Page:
What Characteristics Do They Have in Common?
Both age groups have a high propensity to move and have more wealth than any generations before them, which should make selling homes to them relatively easy. However, closing the sale will be the challenge because both groups are savvy buyers, skeptical of promised amenities and demanding exceptionally high customer service.
Increasingly, both groups prefer to buy new homes because:
- The homes available for sale in the resale market were not designed for their needs.
- As affluent retirees, they will want to customize their home to their taste.
While age-qualified communities have received the bulk of the attention in our industry, most of the demand will continue to be in non-age-qualified communities. Consider the following statistics from the 1990s:
- 24% of those who turned 65 during the decade bought a home during the decade.
- 72% of these buyers stayed in their local metropolitan area.
Where Will They Live?
Our research indicates that the early boomers have a higher propensity to stay in their metropolitan area than does the pre-boomer group.
While Arizona, Nevada and Florida will continue to be the fastest-growing retirement states in the country, the Pacific Northwest, Rocky Mountain region, Texas Hill Country, the Ozarks, Carolinas and New England also will attract more than their fair share of retirees.
(The map on the right indicates which states are attracting more retirees. Click on it for a larger view.)
- The Site of Their Youth — Many retirees return to the site of their youth, especially college and military towns where housing is affordable and the climate is attractive. Places like Austin, TX, and Colorado Springs, CO, are popular destinations.
- Urban Areas and Areas Adjacent to Urban Areas — More people who reach retirement age will stay in their current area because future retirees:
- Want to continue working
- Want to live close to their families and friends
- Will have more money than any prior generation
- Will take advantage of the $500,000 capital gain tax exclusion by buying a much smaller home or condo
(The map on the left shows the urban concentration of retirees. Click on it for a larger view.)
Emerging Design Concepts
The Baby Boomers (and pre-boomers) have had a tremendous influence on housing during the last two decades. The new home industry built their large homes on small lots in the 1980s and their gate-guarded castles in the 1990s.
Current and future retirees do not want a house built for “old people.” They want an easy living home that an Olympic athlete also would enjoy, and their preferences will vary greatly based on their socioeconomic status and their values. They also want to live in homes and communities that will allow them to re-connect with their friends and family.
Here are the generalities we have concluded about the future of new home design for older buyers:
- Inexpensive, common sense, universal design concepts that make life more enjoyable will grow in popularity.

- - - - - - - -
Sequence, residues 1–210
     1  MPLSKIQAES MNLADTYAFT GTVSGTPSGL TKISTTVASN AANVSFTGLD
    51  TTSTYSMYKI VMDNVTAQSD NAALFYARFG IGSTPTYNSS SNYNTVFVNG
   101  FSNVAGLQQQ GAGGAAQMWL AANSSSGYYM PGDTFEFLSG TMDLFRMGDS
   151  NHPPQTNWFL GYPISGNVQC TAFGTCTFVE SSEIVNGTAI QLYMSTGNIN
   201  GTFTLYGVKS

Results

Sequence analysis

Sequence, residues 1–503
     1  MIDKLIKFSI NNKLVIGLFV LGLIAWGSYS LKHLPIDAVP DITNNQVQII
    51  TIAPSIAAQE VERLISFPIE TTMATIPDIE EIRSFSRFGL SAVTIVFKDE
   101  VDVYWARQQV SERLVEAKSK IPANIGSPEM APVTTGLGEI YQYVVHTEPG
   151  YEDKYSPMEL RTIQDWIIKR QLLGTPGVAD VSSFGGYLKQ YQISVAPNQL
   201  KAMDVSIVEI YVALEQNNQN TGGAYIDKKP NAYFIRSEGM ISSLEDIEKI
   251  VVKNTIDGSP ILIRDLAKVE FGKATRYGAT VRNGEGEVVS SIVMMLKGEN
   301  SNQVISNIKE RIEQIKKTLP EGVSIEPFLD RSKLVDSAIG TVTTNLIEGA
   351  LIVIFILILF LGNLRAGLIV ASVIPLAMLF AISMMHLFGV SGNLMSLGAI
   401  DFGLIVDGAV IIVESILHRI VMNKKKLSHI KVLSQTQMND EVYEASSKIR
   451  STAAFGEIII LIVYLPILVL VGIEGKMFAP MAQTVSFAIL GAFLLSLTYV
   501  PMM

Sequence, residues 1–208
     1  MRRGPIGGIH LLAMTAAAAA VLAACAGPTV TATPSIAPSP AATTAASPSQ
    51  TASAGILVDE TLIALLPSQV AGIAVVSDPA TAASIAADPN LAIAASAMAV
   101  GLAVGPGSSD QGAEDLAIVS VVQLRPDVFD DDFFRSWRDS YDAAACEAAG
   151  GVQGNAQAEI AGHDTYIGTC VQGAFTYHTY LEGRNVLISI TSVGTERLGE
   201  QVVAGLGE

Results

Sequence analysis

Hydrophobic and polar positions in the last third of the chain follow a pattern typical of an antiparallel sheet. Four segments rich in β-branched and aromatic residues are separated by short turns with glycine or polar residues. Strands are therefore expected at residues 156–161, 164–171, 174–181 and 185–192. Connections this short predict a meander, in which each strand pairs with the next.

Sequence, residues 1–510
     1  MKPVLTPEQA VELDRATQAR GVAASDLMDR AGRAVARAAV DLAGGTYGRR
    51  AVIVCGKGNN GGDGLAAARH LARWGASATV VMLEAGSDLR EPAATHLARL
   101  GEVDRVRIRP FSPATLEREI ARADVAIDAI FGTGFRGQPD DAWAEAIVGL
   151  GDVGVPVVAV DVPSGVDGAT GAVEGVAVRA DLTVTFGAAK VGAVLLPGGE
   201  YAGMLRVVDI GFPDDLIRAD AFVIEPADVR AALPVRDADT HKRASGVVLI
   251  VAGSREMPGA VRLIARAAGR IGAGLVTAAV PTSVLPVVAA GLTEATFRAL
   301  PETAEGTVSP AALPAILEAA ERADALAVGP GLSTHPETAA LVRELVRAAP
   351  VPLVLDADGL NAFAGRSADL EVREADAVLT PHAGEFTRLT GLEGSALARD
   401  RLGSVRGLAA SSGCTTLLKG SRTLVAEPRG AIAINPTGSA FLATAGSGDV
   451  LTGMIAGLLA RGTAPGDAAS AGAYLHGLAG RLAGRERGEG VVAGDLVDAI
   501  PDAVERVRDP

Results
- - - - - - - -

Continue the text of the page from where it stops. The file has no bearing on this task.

- Older buyer segmentation will occur, allowing developers to maximize absorption by building multiple types of homes and neighborhoods that appeal to different psychographic categories of buyers.
- Home designs will vary dramatically based on the socioeconomic conditions of the local market.
The AARP and Universal Design
The AARP regularly educates its constituents on housing issues. Consumers are learning more about universal design because the AARP is becoming a major proponent of universal design.
And if that isn't enough to make you pay attention, legislation targeted at requiring builders to incorporate universal design concepts already exists in Tucson, AZ, and Chicago, and efforts to promote voluntary builder adoption of universal design concepts are already occurring in California and Georgia.
Next: Developing a strategic plan for the 55+ market niche.
John Burns is the president and founder of Irvine, CA-based John Burns Real Estate Consulting, Inc., which analyzes, summarizes and monitors local market conditions; helps companies refine their strategies in an ever-changing environment; and completes customized consulting assignments to help them with land acquisition, market expansion or strategic planning decisions. His company produces the Retirement Housing Boom report that can be customized for each market in the country. Burns is an active member of the NAHB Seniors Housing Council. He can be reached at 949-262-3228 or email@example.com.
Learn More About Seniors Housing Through the Seniors Housing Council
To learn more about seniors housing, join the NAHB Seniors Housing Council. The council provides information, education, networking and recognition opportunities for its members and represents NAHB on seniors housing issues. For more details, e-mail Jeff Jenkins or call him at 800-368-5242 x8292.
BuilderBooks.com Has Publications About Seniors Housing
BuilderBooks.com offers a variety of publications about the seniors housing market. To view or purchase these publications, click here and type “seniors” in the search engine.
2004 Seniors Housing Symposium
To learn more about the seniors housing market, plan to attend the 2004 Seniors Housing Symposium, Building for Boomers & Beyond in Chicago from April 14-16. The symposium will focus on the lifestyle component of 50+ seniors housing.
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